Tim Baldwin and Ollie Persey highlight problems in health and social care information management resulting from a lack of understanding and gaps in guidance.
Health and social care records contain information concerning individuals who receive care that is often highly confidential and personal. The misuse of such information can result in individuals being distressed and withdrawing from services. Caldicott guardians are responsible for ensuring that this personal information is used ‘legally, ethically and appropriately, and that confidentiality is maintained’ (A manual for Caldicott guardians
, UK Caldicott Guardian Council, 2017, para 11, page 3). The manual suggests that they are the ‘consciences’ of their organisations.
There are more than 22,000 Caldicott guardians in a range of organisations handling health and social care information, including local authorities, NHS trusts, prisons and central government departments such as the Ministry of Defence (‘Dame Fiona Caldicott tribute
’, National Data Guardian for Health and Social Care (NDGHSC) news story, 15 February 2021).
Due to the harm that mishandling of health and social care information may cause, it is important for Caldicott guardians to have the expertise and resources to discharge their roles effectively. In this article, we argue that equality considerations need to be expressly incorporated into a Caldicott guardian’s role, to ensure the effective management of health and social care information of marginalised groups.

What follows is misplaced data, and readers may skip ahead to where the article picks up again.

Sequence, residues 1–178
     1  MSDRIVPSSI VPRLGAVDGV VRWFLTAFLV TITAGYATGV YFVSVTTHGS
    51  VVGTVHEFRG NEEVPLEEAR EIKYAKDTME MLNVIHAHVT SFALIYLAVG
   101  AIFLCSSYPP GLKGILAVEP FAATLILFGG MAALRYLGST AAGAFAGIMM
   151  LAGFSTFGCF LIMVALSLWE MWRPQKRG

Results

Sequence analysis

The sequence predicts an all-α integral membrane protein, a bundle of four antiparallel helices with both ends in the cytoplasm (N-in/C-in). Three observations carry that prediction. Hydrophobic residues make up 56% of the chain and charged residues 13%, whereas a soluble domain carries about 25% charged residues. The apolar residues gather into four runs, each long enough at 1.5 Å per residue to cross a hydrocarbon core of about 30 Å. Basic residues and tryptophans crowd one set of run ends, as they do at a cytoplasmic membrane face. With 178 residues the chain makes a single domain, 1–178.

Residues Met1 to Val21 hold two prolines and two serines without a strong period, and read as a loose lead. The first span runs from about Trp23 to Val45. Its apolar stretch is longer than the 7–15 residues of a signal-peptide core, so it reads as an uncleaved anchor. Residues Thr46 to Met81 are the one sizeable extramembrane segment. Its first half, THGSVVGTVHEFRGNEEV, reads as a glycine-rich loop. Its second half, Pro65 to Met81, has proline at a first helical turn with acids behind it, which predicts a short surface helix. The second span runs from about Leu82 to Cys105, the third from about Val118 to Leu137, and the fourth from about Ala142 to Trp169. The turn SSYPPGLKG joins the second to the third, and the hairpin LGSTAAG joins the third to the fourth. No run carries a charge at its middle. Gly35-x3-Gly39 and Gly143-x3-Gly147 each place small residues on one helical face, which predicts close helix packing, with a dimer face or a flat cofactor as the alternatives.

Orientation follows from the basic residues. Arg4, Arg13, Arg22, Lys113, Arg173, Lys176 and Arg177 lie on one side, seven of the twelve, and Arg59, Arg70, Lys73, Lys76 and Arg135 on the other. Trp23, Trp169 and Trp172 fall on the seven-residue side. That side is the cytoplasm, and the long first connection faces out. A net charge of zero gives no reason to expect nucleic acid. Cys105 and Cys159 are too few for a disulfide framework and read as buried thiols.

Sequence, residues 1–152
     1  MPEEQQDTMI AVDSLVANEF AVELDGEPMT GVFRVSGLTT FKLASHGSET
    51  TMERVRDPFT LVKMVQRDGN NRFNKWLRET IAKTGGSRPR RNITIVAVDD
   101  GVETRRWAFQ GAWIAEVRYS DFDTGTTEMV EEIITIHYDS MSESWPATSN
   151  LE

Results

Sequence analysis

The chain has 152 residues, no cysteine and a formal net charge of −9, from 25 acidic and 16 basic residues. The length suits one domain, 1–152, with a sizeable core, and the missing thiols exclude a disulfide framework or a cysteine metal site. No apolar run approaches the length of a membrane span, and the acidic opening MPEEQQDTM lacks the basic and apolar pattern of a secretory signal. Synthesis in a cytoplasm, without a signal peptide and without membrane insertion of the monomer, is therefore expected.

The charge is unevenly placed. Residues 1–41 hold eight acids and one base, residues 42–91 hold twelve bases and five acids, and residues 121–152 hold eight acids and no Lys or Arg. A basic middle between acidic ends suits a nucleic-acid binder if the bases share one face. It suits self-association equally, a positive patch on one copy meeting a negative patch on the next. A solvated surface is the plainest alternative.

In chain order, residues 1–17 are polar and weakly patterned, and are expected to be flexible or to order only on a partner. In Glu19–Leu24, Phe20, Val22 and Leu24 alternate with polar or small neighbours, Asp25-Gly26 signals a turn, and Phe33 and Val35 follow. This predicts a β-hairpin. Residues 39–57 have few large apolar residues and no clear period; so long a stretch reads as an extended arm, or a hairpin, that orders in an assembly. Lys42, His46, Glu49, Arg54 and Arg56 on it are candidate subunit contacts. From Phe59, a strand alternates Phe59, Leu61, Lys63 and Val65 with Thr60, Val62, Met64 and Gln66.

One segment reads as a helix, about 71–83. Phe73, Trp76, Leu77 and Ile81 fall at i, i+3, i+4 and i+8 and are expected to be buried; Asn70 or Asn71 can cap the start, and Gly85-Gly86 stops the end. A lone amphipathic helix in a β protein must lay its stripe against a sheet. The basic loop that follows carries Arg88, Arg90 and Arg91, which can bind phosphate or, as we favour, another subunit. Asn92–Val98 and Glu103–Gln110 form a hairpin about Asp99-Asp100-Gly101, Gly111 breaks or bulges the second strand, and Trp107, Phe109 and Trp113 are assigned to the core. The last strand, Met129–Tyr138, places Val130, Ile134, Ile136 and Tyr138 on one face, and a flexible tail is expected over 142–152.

The origins and development of Caldicott guardians
Caldicott guardians take their name from a 1997 report, Report on the review of patient-identifiable information
, by Dame Fiona Caldicott. She recommended that ‘[a] senior person, preferably a health professional, should be nominated in each health organisation to act as a guardian, responsible for safeguarding the confidentiality of patient information’ (page iv). That recommendation was accepted and by 1998 every NHS organisation was required to have a Caldicott guardian. By 2002, Caldicott guardians were required in organisations handling social care information (LAC(2002)2
, 31 January 2002).
The 2018 Act requires both public and private bodies that exercise functions in relation to health services, adult social care and adult carer support, who process confidential information about patients or service users, to have regard to the 2021 statutory guidance. The statutory guidance only applies to private bodies in relation to work that is publicly funded.
The 2021 statutory guidance developed the principles that Caldicott guardians are required to follow.
The eight principles for Caldicott guardians are intended ‘to apply to all data collected for the provision of health and social care services where patients and service users can be identified and would expect that it will be kept private’ (The eight Caldicott Principles
, NDGHSC, December 2020):
•Principle 1: justify the purpose(s) for using confidential information.